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Philosophical Tarot — Two of Cups and Six of Swords

February 18, 2014

I am currently reading a wonderful book by Roger Housden called Twenty Poems to Bless Your Marriage, And One to Save it. The entire book, of course, suggests a great deal of meaning that we can apply to the Two of Cups, but there is one particular discussion that I want to talk about here today.  Housden says that marriage is “a pact not only to forge a life together but to forge [your] own individualities in its fire,” and he also refers to marriage as “aloneness-in-togetherness.”

RWS 2.0 Two of CupsWe often see the Two of Cups as being about the union of two people, but Housden reminds us to remember our individuality too.  We’re not here to submerge ourselves in a relationship; we are here to walk together along our shared path, helping each other along the way of our own individual journeys as we do so.  This can suggest a warning in this card, to beware of losing yourself in a relationship because that does not help either of you.

Certainly, the union of two lives can enrich both, and all the love and support—the good times together—are valuable beyond measure, but there is more to a marriage than that; there are arguments and bad times too, for we are distinct individuals.  Although the number TWO suggests “union,” it also symbolizes duality and conflict.  But is that necessarily a bad thing?  We also grow and progress along our journeys through the difficulties of a marriage—the fire in which we “forge our own individualities.” In the difficult times, we have occasion to reflect upon our imperfections, for through a marriage, another person acts as a mirror. If we see such times in that light and use them as a means of self-improvement, we become better individuals who are then able to bring something of that growth back into the relationship to improve it too.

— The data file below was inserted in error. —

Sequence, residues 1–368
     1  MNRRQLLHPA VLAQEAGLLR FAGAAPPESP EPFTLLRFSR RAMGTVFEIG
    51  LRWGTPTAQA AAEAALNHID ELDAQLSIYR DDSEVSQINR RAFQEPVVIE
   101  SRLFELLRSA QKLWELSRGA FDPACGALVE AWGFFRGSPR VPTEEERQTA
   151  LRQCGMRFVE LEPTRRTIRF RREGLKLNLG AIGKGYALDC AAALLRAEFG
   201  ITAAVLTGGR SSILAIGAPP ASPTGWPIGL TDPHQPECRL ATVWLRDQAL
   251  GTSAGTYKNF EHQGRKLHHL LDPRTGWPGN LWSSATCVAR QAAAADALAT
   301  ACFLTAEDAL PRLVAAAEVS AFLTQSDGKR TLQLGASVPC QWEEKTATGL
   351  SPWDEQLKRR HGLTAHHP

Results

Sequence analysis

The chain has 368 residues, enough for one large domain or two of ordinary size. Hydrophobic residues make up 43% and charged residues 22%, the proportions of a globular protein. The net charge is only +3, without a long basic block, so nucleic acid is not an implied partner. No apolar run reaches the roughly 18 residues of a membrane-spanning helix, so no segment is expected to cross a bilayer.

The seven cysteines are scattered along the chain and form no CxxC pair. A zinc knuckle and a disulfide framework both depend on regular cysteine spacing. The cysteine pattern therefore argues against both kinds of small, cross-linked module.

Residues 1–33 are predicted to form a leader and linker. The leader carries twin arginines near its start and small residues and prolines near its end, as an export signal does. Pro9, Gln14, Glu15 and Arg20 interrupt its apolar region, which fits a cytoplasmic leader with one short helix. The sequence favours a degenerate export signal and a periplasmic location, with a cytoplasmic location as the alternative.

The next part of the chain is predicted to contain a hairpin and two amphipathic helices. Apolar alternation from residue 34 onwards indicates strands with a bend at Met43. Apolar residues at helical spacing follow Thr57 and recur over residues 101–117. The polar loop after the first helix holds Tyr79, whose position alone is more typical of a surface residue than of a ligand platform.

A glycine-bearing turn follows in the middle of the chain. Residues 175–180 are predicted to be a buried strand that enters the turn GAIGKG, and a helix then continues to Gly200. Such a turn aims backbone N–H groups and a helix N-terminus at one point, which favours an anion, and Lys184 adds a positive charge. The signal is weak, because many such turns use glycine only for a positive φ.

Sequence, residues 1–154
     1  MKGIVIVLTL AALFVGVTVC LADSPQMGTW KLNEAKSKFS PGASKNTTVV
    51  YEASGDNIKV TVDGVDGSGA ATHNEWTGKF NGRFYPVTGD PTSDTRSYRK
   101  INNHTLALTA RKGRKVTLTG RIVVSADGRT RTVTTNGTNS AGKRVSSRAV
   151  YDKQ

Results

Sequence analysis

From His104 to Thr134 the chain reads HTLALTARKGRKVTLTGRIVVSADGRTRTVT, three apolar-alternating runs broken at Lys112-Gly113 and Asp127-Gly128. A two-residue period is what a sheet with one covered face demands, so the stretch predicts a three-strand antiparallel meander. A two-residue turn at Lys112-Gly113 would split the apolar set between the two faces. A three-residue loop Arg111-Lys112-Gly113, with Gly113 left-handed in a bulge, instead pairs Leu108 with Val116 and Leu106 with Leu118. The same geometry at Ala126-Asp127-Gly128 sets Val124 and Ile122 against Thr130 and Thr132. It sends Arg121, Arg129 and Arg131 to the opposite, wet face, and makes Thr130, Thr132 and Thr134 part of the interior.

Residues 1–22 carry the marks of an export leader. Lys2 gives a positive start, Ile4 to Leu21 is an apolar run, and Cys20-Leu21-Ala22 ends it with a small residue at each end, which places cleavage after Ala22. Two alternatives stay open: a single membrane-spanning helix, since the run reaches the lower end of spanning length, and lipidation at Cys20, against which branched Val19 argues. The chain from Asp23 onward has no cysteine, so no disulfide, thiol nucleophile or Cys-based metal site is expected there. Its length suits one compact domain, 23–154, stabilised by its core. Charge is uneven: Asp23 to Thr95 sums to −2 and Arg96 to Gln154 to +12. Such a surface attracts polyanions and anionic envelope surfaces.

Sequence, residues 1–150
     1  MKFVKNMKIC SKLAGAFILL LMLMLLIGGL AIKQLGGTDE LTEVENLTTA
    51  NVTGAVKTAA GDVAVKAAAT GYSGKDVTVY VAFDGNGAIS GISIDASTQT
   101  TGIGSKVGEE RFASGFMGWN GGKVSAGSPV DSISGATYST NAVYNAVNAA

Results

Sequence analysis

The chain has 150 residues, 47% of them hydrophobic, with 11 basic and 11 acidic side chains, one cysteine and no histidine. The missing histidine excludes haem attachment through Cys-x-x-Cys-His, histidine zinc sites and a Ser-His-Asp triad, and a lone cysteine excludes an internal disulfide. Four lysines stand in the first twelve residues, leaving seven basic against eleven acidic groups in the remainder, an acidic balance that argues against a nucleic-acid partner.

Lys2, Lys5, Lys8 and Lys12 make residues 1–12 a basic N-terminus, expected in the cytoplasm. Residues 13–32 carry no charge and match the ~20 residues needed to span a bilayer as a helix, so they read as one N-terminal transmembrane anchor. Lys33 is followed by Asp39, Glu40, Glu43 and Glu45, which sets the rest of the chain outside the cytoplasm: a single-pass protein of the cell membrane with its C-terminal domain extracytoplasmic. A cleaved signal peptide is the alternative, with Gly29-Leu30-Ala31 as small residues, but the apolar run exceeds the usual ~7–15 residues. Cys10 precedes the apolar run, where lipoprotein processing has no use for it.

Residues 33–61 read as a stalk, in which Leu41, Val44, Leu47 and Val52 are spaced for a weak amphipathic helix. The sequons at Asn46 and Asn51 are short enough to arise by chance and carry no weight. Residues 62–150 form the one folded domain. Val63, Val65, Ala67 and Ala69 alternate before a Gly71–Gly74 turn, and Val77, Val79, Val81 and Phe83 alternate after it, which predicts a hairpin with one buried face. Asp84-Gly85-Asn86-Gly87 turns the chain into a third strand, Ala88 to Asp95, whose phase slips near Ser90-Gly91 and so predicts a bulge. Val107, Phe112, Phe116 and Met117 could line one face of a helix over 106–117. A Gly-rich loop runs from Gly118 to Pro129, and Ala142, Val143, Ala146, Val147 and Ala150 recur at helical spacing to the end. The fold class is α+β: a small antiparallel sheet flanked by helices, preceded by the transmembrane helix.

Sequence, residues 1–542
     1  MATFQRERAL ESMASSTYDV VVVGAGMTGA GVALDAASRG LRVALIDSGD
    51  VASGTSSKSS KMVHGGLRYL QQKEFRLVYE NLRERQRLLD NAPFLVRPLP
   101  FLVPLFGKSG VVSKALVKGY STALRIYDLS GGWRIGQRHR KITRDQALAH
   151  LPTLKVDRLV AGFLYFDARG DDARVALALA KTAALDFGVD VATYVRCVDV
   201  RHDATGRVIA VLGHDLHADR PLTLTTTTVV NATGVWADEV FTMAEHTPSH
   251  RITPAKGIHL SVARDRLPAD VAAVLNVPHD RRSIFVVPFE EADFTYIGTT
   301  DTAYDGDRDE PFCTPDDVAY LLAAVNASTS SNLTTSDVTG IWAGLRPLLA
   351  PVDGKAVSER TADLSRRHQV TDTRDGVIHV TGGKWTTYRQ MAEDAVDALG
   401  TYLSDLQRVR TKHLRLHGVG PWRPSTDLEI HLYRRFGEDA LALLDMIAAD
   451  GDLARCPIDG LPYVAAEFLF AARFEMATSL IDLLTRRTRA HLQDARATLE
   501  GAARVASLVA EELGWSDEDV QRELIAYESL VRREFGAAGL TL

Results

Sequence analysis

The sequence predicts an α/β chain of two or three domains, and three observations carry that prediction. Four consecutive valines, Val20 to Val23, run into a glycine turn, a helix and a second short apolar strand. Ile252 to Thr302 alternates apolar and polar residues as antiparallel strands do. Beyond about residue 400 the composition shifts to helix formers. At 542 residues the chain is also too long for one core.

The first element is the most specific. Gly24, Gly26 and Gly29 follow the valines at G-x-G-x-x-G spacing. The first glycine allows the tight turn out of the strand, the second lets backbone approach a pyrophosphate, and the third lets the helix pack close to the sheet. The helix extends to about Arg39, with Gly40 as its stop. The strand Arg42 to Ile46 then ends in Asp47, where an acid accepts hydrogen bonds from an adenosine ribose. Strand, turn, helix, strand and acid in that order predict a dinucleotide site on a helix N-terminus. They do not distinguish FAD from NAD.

RWS 2.0 Six of SwordsA relationship can also be seen as a vehicle in which we travel together.  Housden says that marriage is “an ark in which the very ache of being human can be revealed and also redeemed through a conscious undertaking shared with another.”  The poetic imagery of this statement suggests the Six of Swords, and thus imbues that card with a level of meaning about our relationships that we don’t always see in it. It can say that a relationship—in hard times as well as good—is bringing you to a higher level of awareness and understanding of life.  But the part about “a conscious undertaking shared with another” is important to consider as well.  If you don’t have that consciousness of a shared undertaking, you can miss the fact that you are both in this together.  Thus, it is important to make a conscious commitment to both support and forgive, to learn from a relationship as well as to enjoy it.  The typical wedding vows make this sort of commitment (“for better or for worse…”), but we all too often forget it when the going gets tough.

So with these quotes and in these two cards we can see that marriage is a journey we take together as two individuals helping each other along our own individual journeys.








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